The Amazon and You
Sovereignty entails obligations as well as rights, and where compliance cannot be induced, pressure must be applied. And though positive incentives to encourage and enable compliance would be preferable, Brazil's government is showing that there must be sticks where carrots are not enough.
NEW YORK – Nearly everyone has seen the dramatic images of the Amazon ablaze. Tens of thousands of fires – intentionally started or caused by logging, farming, mining, and other human activities – have broken out over the past year alone.
This matters a great deal, because forests absorb gases that increase global warming if released into the atmosphere. Reduction of the Amazon rainforest by fire adds to the problem of climate change in two ways: the fires themselves release gases and particles that accelerate the earth’s warming, and the elimination of the trees by definition means they cannot absorb carbon dioxide.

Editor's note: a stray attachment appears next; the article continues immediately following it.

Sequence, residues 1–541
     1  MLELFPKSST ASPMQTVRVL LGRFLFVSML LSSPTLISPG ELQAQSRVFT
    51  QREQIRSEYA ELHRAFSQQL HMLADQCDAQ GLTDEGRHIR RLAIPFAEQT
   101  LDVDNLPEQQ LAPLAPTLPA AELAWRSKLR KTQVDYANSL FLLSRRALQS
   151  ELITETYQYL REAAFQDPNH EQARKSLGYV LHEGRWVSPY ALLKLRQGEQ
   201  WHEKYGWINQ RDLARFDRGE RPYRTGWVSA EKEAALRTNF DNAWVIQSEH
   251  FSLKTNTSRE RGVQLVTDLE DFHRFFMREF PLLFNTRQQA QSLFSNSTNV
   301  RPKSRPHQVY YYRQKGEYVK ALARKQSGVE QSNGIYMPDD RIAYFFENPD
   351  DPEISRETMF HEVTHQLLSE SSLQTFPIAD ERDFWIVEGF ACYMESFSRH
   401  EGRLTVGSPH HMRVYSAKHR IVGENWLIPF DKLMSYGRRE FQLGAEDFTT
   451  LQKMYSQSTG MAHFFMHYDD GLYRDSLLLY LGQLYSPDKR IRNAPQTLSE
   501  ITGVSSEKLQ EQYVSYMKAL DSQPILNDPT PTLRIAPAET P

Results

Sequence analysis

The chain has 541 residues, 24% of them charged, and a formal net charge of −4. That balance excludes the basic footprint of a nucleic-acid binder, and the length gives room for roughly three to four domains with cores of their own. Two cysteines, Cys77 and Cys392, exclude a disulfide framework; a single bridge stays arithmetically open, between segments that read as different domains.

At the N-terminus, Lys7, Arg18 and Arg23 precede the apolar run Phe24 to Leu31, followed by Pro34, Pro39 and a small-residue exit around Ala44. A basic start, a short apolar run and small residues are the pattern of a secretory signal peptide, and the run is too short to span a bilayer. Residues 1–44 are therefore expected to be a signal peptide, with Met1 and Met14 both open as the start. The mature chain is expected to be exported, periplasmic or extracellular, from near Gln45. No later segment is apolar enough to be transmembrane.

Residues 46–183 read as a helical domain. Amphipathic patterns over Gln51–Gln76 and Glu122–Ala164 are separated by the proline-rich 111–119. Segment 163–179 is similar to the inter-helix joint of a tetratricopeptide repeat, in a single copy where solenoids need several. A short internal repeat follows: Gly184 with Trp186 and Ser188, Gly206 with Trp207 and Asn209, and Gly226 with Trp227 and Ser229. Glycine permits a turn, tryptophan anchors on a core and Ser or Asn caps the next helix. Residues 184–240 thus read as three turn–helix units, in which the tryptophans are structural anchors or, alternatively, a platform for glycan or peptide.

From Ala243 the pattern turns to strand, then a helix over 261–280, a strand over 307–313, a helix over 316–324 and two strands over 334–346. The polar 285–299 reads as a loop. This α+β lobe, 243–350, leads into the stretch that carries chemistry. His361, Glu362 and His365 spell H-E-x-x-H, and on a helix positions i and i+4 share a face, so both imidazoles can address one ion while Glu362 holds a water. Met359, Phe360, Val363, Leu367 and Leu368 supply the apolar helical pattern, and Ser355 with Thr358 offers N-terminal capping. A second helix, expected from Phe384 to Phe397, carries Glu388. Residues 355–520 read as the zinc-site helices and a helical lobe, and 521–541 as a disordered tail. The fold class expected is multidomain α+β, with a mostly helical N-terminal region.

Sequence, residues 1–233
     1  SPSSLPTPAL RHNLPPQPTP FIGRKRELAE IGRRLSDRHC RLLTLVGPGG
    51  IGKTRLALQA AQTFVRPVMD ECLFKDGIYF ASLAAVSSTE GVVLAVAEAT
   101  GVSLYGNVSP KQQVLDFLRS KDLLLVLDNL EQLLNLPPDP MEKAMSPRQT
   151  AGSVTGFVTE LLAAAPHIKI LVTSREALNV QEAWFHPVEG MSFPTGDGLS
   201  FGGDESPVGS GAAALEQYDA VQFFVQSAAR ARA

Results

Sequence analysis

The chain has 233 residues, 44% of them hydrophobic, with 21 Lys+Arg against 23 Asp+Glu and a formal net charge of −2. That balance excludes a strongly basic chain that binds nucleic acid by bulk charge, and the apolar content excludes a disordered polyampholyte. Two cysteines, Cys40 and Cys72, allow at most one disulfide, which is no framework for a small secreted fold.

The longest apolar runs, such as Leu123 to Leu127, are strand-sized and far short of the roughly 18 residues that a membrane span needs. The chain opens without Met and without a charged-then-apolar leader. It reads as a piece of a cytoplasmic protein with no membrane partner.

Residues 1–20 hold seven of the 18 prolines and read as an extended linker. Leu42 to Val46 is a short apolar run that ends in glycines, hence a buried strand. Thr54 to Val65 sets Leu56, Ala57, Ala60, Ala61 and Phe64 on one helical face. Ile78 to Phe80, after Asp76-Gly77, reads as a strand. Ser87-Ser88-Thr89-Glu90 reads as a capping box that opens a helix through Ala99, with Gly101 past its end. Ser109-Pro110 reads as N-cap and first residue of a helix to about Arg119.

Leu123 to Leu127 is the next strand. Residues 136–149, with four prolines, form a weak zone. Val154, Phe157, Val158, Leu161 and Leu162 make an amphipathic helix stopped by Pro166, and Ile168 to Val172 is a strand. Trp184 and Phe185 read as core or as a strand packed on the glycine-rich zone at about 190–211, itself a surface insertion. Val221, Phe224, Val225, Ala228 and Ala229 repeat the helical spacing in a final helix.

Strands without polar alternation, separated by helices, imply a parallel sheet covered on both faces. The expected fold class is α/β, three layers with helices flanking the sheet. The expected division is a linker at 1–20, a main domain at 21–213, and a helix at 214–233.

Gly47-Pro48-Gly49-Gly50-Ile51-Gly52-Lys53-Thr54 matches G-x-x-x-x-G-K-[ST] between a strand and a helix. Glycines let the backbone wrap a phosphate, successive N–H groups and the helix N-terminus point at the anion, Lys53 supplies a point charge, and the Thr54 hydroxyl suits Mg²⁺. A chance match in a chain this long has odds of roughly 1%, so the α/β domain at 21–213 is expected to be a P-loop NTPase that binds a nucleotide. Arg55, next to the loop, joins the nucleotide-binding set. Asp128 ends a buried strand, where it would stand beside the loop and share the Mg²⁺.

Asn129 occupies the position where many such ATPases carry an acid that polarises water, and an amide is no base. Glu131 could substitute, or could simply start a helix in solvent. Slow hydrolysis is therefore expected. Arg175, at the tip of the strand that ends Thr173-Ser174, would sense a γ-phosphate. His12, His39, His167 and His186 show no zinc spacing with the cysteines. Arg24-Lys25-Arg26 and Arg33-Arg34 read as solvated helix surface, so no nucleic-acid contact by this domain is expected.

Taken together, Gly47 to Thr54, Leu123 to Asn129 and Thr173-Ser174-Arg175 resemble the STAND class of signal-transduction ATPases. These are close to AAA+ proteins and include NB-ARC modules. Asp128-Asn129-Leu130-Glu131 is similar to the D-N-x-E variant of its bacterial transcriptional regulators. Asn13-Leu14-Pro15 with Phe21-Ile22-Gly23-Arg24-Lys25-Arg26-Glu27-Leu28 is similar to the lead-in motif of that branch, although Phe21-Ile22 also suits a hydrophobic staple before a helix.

The issue gripped last month’s G7 meeting in France. The leaders of many of the world’s wealthiest countries pledged just over $22 million to help Brazil, home to the bulk of the Amazon rainforest and nearly half of the world’s tropical forests, combat the fires. Brazil angrily rejected the offer.
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